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was detained to take his trial for a misdemeanor, of which he was convicted upon the fullest evidence, and sentenced to two years imprisonment. The facts of the case were, that this infant was forced up the chimney on the shoulder of a larger boy, and afterwards violently pulled down again by the leg, and dashed against a marble hearth; his leg was thus broken, and he died a few hours after; on his body and knees were found sores, arising from wounds of a much older date. But it is not only the ill-treatment which the regular apprentices suffer from the cruel conduct of some masters that your committee are anxious to comment on; it appears that in order to evade the penalty of the act of parliament, some of these masters frequently hire young lads as journeymen who have not been apprenticed to chimney-sweepers; these are children who have no parents, and who are enticed away from the different workhouses of the Metropolis.

Having thus shortly detailed the leading facts of the evidence which has been given before them, of the miseries which the unfortunate class of beings who are sold to this trade experience, your committee have with great anxiety examined various persons, as to the possibility of performing by the aid of machinery what is now done by the labour of the climbing boys the result of their inquiries is, that though there may be some difference of opinion as to the extent to which machinery is here applicable, yet the lowest calcula tion of practical and experienced persons, master chimney-sweepers

themselves, who have been brought up in the trade, establishes the fact, that of the chimneys in the metropolis three-fourths may be as well, as cleanly, and as cheaply swept by mechanical means as by the present method; and the remaining part being, on the very greatest calculation, one fourth of the whole number, with alterations that may easily and cheaply be made, can be swept also without the employment of the climbing boy. Mr. Bevans, an architect much conversant with buildings in the Metropolis, has no doubt that 95 out of 100 can be swept by the machines that are at present in use; and he has also no doubt that, supposing there was to be a legislative enactment that no chimney should be swept by the means of climbing boys, that easy substitutes could be found that would sweep every chimney that now exists. He adds, that though there may be difficulties in cleaning an horizontal flue, from the quantity of soot, yet it is equally bad for the boys as for the machine; because the boy, as he comes down, has an accumulation of soot about him, which stops up the circulation of air necessary to support life. that it is evident, in all those chimneys where, under their present construction, the machine cannot be used, the hazard of loss of life to the boy who sweeps them, is most imminent.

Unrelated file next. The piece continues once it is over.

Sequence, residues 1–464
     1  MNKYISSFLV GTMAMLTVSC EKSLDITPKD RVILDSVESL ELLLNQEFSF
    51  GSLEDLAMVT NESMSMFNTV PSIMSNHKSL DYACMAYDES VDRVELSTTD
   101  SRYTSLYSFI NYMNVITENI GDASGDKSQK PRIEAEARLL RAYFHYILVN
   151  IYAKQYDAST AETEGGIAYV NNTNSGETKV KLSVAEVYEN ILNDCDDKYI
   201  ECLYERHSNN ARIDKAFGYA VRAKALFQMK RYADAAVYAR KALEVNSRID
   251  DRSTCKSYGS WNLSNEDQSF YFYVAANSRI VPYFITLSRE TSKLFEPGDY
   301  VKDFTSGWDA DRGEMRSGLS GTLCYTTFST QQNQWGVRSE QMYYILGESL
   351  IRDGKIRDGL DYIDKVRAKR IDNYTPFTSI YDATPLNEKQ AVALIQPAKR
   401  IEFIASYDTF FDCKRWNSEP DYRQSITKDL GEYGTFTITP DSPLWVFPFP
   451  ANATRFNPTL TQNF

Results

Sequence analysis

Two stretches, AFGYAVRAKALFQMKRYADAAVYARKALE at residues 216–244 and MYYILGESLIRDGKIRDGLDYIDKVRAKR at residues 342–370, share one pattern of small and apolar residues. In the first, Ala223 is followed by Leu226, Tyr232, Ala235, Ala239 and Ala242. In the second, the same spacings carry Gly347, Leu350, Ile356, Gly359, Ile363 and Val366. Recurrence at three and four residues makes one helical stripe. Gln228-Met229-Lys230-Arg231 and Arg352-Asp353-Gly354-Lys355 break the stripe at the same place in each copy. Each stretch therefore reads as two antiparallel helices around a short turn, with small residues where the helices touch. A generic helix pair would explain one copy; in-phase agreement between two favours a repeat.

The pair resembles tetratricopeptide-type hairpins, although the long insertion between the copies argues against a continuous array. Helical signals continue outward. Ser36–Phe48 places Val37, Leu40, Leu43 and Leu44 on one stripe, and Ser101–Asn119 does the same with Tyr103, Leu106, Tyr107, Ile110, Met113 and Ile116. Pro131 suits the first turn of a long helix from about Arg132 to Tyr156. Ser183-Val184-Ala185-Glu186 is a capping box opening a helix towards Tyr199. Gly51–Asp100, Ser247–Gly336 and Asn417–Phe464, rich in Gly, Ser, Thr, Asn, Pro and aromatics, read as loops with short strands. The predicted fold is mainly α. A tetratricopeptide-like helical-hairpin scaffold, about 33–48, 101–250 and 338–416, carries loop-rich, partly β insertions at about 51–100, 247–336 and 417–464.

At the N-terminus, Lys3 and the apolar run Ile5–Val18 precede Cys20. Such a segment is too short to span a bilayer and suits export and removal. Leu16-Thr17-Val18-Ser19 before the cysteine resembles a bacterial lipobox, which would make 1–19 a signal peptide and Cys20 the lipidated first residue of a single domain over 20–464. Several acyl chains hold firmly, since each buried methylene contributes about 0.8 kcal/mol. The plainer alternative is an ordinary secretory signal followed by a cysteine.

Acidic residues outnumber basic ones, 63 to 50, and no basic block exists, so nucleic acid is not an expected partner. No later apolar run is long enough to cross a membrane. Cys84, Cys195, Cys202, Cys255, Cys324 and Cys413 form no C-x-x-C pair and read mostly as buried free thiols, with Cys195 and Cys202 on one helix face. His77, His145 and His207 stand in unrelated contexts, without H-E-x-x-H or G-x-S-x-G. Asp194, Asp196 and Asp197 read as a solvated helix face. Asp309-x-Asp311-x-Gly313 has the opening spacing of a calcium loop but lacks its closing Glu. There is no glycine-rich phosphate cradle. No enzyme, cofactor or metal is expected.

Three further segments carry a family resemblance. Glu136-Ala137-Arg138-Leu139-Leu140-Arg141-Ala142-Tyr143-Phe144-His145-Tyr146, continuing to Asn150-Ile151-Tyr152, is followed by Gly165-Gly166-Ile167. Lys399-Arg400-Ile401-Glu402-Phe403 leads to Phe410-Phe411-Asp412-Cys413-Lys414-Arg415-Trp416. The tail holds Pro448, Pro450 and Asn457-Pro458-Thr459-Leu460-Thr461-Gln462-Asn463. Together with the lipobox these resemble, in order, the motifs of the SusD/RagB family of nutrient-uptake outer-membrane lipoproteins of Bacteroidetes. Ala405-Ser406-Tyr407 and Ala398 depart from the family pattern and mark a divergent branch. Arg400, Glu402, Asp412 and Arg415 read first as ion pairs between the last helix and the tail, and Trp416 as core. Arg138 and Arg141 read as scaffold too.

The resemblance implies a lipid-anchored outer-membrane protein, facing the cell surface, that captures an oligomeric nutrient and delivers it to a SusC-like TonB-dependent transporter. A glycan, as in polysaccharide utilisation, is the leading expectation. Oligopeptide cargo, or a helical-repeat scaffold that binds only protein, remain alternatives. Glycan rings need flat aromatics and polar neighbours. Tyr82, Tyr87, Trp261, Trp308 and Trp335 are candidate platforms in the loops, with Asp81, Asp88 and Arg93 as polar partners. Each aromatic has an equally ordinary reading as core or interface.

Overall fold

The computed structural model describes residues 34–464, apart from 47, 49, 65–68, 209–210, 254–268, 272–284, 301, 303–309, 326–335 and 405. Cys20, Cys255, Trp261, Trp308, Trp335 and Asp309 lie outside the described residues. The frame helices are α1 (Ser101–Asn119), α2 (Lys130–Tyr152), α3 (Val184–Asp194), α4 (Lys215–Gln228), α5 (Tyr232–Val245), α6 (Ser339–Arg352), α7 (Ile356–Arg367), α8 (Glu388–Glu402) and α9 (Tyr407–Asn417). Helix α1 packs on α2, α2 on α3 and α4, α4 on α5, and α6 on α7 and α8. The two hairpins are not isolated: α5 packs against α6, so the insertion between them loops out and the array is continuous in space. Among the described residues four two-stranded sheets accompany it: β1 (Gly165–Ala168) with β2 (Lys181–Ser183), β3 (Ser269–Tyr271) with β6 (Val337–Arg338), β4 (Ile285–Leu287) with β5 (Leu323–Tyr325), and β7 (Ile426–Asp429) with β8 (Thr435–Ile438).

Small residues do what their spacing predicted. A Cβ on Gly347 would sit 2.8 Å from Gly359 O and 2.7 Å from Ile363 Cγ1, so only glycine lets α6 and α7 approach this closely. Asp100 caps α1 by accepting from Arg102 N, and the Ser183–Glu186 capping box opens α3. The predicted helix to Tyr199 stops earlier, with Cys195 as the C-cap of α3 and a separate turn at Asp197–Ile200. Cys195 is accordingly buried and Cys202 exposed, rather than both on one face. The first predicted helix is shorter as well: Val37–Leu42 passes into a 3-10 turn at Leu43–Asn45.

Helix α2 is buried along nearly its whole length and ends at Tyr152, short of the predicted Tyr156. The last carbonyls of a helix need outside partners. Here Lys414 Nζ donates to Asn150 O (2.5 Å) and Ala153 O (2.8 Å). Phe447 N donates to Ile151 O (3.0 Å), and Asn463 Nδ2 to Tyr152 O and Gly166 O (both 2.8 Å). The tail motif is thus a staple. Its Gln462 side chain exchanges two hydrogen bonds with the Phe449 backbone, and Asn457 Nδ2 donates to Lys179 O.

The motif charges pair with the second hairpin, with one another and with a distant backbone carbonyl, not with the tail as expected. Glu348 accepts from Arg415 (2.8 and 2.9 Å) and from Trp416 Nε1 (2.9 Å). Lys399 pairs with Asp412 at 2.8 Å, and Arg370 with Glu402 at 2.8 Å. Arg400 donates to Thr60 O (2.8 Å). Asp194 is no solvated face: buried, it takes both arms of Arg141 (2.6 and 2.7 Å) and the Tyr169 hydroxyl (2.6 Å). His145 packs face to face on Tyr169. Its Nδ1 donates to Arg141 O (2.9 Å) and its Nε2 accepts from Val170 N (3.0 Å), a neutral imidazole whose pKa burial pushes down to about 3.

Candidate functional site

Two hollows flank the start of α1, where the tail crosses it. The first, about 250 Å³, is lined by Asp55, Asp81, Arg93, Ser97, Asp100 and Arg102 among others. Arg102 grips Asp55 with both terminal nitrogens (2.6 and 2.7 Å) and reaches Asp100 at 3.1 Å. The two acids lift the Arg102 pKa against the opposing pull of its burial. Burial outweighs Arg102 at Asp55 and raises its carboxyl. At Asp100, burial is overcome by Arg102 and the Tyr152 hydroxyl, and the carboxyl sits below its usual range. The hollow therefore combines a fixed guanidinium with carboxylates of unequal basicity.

Some of these flues are stated not to be above seven inches square; and one of the witnesses, who relates this fact to the Committee, informs them, that he himself had been often in hazard of his life; and that he has frequently swept

a long

a long narrow flue in Goldsmith's Hall, in which he was shut up six hours before his work was finished. Upon a review then of the evidence of the evils necessarily belonging to this trade, as well as of the remedies which have been suggested, First, in the substitution of mechanical means, thus superseding the necessity of employing children in this painful and degrading trade; and, secondly, in allowing the system to continue in the main as it is, with only those amendments to the existing law, that may attempt to remedy the present practice ;-your Committee are decidedly of opinion, that no parliamentary regulations can attain this desirable end; that as long as master chimney-sweepers are permitted to employ climbing boys, the natural result of that permission will be the continuance of those miseries which the legislature has sought, but which it has failed to put an end to; they therefore recommend, that the use of climbing boys should be prohibited altogether; and that the age at which the apprenticeship should commence should be extended from eight to fourteen, putting this trade upon the same footing as others which take apprentices at that age; and, finally, your committee have come to the following resolution :

Resolved, That the Chairman be directed to move for leave to bring in a bill for preventing the further use of climbing boys in sweeping of chimneys.

23d June, 1817.


The Select Committee appointed to inquire into, and state, the income and expenditure of the United Kingdom, for the year ended the 5th of January, 1817; and also to consider and state the probable income and expenditure, (so far as the same can now be estimated) for the years ending the 5th of January, 1818, and the 5th of January, 1819, respectively; and to report the same, together with their observations thereupon, from time to time, to the House, and also to consider what further measures may be adopted for the relief of the country from any part of the said expenditure, without detriment to the public interest;